Feb 13, 201401:33 PMLatest Trends

Metro Atlanta Chamber of Commerce Hosts Clean Tech Executive Forum

Metro Atlanta Chamber of Commerce Hosts Clean Tech Executive Forum

Ben Young

Jay Shaver, Senior Project Manager GE Digital Energy

The Metro Atlanta Chamber of Commerce recently held Clean Tech Executive Forum at the American Cancer Society in Atlanta. The event was sponsored by Coca Cola, Cousins, Georgia Center for Innovation in Energy, Toto, and Nissan.

Jay Shaver (photo), Senior Project Manager GE Digital Energy, said the energy business is booming. “We expect demand to grow by 75 percent by 2030,” he said. GE employs 30,000 and brings in $137 billion in revenue. Smartgrid technology  has made efficiency/sustainability the “fifth fuel,” and GE's Grid IQ Experience Center in Atlanta has had 10,000 visitors since opening in 2010.

Explaining the “fifth fuel” concept, John Rossi, CEO of  Comverge, said that there are three points of leakage in the current distribution network per watt of energy. “Switching to natural gas alone won't bring us into compliance, the way EPA is headed,” he said. Efficiency remains “our biggest leverage.”

Renewables continue to play an increasing role but present challenges, according to Rossi. “With renewables, there is no longer a constant supply and variable demand; both supply and demand are variable. We have to create autometering infrastructure with a rate time that varies, is flexible, and software centric."

Phil Davis, Senior Manager, Demand Response Solutions for Schneider Electric, said “we are becoming so automated that human management is almost an afterthought. Through the smart grid operability panel, and open standards, you the owner will be able to dictate your things through programming, and let those things or devices interact on your own terms.”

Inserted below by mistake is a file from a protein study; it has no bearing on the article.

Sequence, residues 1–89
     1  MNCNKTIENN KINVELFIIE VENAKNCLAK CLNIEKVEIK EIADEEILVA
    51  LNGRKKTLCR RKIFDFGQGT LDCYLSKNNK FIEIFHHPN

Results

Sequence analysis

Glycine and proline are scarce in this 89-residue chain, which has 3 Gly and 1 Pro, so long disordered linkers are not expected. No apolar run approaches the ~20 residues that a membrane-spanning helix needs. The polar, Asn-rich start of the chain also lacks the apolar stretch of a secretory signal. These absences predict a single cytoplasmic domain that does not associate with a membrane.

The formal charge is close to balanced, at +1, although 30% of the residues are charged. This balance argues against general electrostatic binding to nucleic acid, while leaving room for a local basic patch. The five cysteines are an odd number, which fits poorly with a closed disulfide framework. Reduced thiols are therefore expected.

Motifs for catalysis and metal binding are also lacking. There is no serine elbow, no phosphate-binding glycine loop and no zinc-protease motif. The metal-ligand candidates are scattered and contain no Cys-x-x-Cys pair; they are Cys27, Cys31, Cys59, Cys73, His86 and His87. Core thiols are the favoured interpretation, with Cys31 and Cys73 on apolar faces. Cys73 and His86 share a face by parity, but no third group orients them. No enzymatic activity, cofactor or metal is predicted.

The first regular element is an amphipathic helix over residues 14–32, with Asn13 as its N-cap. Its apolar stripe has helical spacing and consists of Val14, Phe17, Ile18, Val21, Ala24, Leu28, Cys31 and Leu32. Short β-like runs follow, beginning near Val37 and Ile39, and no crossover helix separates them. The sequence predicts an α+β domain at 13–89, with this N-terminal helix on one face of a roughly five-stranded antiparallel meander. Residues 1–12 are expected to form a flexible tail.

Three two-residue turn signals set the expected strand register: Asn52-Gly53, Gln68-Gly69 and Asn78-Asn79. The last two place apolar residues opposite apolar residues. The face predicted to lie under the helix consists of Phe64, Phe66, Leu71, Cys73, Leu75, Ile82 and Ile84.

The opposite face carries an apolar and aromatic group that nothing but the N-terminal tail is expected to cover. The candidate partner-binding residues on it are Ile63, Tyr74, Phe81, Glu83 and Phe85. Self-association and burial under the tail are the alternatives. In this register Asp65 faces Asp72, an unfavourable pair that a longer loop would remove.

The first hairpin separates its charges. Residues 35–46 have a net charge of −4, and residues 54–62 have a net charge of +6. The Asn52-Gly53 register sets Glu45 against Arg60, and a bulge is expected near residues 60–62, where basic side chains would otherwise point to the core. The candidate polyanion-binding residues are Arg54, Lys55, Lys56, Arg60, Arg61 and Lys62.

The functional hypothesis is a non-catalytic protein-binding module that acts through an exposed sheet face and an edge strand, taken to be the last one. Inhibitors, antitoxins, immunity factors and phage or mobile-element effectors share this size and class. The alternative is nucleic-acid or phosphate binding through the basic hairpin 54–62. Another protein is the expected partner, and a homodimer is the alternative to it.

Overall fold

And the consumer only represents the “first frontier,” says Shaver. “The industrial internet is the new frontier (in automation). In terms of efforts both here and in Silicon Valley, energy use is just one piece.”

“Natural gas has slowed the demand (for efficiency and renewables) but that will change,” said Rossi. “In California, solar renewables have created ramping problems, with a run-up at sun down. To make up the supply deficiency with gas is expensive. So there has to be a balance with demand response and efficiency.”

“Public policy needs to be less restrictive to utilities in the distribution of energy,” said Davis. "Microgrids are fashionable but complex in terms of repair and maintenance. In solar we are seeing dramatic changes. Here we may be behind the rest of the country but Southern Company is doing a remarkable job of integrating renewables. Pacific Gas and Electric is struggling with variability. They have 16 percent wind energy and when it's not up it wreaks havoc on the system."

“They've rushed into a mine field,” said Rossi. “At San Diego Gas and Electric, someone told me they have had 1,000 solar installations a month, and the residential is driving them broke. He was practically crying.”

“With Hurricane Sandy, we are engaging in how to rebuild and strengthen the grid. In tragedy we see an opportunity to rethink delivery,” said Shaver. Production is not the issue, agreed Davis, and smartgrid technologies like the Demand Response Optimization Engine will further help delivery challenges.

For more on smartgrid technologies, the panelists recommended myenergyuniversity.com, sgip.org, gedigitalenergy.com, and itsyoursmartgrid.com. 

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